I have been thinking a lot more about privilege since my last post and also thinking about how much I love it here and what comes next. This morning riding my cute bike (thanks City of Toulouse) back from the quickest most pain free waxing with ripe tomatoes in my basket and two crispy tiny baguettes, I passed the happy boules players back out in force, inhaled deeply under the sweet blossoming linden trees and rode along the clearly marked bike route and thought about returning to the US. Life here is delightful right now, a bubble of greenery, happy people out socializing, delicious food available again, people just sitting outside at cafes doing nothing whatsoever but enjoying the clouds moving and the delights of seeing people walk by.
When I first came to Toulouse I wanted to disappear, or at least not appear. My heart was broken, my confidence in my appearance shattered by cruelty to which I was too vulnerable and all of my desires were to turn inward. There is privilege there. When I want to I can disappear, I can wear coats and shoes that look like the other ladies in my neighborhood, keep my face stern and gaze aloof and no one will look at me. I wandered around like this most of the winter. The other day I was with a very chic friend who is not white and two little boys stared and stared. We weren’t carrying toys or doing anything remarkable and yet her appearance as other than white seemed to cause a very intense examination by these children. As a white woman of a certain age, I can mostly choose when I want to be seen. If I put on makeup or brush my hair out or wear bright colors and tight clothes then I am flying the ‘look at me’ flag, my choice here in this mostly white neighborhood.
When I talk with women who are feeling low or unsure about their projects much of the discourse is about being seen. About choosing to be seen. About having the courage to be seen. Some are terrified of being seen and some are worried about no longer being seen if they start behaving differently than they have so far. But, but, we are the mistresses of our own visioning in a way. When they talk about being seen they don’t really mean literally, they mean that somehow on a deeper level they will be recognized for who or what they really are.
If you don’t look like the majority of the women in the media (my IG suggested posts are 99% white people, why?) then you don’t get to adjust the dial of seen/not seen. You are both simultaneously always seen (as belonging to some category) and completely unseen (as an individual). As a child I did not like public comments on my appearance but rare are the times now when an adult will comment on my skin or hair, because I am white. My son marvels at how content the French seem to be at being homogenous, wearing the same colors, driving the same cars, not standing out in any way. But this is a double-edged sword for those who can’t disappear in the French blue.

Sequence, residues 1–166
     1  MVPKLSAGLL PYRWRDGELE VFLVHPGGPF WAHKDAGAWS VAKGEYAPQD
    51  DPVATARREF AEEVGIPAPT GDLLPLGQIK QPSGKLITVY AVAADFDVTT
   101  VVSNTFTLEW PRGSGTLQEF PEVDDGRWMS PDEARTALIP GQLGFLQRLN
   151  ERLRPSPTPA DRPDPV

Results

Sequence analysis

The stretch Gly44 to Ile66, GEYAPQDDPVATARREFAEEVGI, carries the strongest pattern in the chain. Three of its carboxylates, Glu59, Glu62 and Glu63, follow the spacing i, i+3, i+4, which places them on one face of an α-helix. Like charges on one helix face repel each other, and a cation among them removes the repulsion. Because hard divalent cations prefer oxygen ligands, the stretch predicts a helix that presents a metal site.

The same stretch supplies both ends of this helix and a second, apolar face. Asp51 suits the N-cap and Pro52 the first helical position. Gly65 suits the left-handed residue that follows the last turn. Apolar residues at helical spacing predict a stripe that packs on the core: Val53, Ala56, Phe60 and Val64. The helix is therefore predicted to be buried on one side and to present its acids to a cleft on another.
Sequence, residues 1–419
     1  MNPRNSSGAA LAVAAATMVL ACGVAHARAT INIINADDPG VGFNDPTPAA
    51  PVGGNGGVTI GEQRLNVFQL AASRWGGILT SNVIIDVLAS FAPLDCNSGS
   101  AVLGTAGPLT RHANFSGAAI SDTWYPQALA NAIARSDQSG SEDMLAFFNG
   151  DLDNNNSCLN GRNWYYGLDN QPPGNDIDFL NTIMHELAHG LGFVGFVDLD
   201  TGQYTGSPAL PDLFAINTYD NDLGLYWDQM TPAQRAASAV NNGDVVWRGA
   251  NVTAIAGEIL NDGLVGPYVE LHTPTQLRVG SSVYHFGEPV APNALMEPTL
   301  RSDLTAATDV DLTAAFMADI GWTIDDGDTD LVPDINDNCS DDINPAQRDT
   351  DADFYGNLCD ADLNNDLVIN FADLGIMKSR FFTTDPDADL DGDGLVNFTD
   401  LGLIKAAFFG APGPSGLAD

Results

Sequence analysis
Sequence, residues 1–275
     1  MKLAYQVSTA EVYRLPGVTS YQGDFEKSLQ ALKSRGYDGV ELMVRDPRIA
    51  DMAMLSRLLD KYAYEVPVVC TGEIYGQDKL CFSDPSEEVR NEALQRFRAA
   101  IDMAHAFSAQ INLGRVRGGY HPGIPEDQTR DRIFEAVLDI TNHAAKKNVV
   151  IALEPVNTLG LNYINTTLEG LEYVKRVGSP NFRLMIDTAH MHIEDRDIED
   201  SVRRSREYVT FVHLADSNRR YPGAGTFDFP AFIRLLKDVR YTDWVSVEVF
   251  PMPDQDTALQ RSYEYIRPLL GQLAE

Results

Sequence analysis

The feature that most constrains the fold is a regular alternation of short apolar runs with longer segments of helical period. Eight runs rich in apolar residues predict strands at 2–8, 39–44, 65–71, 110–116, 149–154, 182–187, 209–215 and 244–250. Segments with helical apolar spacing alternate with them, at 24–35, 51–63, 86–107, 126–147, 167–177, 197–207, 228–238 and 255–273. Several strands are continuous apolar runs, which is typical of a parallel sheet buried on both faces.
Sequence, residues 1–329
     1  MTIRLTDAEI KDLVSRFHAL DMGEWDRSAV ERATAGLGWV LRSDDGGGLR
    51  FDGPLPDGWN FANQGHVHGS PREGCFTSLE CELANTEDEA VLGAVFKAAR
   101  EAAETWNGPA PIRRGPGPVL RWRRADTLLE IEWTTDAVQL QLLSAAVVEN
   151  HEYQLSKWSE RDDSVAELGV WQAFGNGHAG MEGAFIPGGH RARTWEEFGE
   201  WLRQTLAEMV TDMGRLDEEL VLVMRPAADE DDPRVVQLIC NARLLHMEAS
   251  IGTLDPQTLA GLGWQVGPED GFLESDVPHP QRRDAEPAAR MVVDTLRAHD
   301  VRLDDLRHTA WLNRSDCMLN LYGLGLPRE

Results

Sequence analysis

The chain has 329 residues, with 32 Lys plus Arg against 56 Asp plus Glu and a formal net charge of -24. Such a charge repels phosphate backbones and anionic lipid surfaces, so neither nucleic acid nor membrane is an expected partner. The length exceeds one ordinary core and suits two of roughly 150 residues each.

I don’t know what this feels like for men but women in the cultures where I live are trained from an early age to attract the gaze and to measure its worth and intent. In tango if I want to dance I have to get someone to look at me, to lock eyes with me in a cabeceo, these are skills that involve attire, body language, eye movements and positioning. So I want a potential partner to first see me, to make eye contact, but then also, as humans we are all always yearning to be ‘seen’ on a deeper level, to be known for who we are.
As a teacher, I have spent decades being stared at. School is boring. Often I am the only moving object in a neon-lit room with uncomfortable chairs where students are trapped for 90 minute blocks. I have given speeches in front of large groups, under spotlights and been on TV. This kind of being seen is easy for me, a performative moment. But being seen as vulnerable, lost, weak, pale, out of sync, is not my preference. I lived with a photographer who did not delight in taking pictures of me. I wanted to be seen differently. My child is entering the teenage era, the terrible time when we suddenly realize that people are looking at us, judging us, labeling us. Here in France he is content to stand out because I think he still feels invisible, unseen and unrecognized as a stranger here.
Before I left my little town I wrote down a list of pros and cons about the place to keep that in mind for the future. I didn’t write about being seen. I didn’t realize how exhausting and yet also how ego-stoking it has been to be such a public persona for the last 12 years. When I ride my bike through town people wave at me (I can’t always see them), students often enter my classroom proclaiming that they ‘saw’ me somewhere, and parents remember me better than I remember them after more than a 1,000 students taught in this town. Here in this large French town I am recognized by a few, very few people, but mostly I am just another anonymous individual going about my business.
I have enjoyed not having an audience for my life here in France. It has been freeing and relaxing to live here and to rarely explain myself. My differences are not visible from the outside, especially if I don’t speak and so here again I can choose to be in or to be out, to be seen or to pass by unnoticed and this is an incredible privilege available to me in most of Europe and the United States. White people so often get so much more control over their own narratives and also just look like they belong to the ‘universal’ or primary narrative all around us. Perhaps even being able to complain about not being seen is itself a great privilege.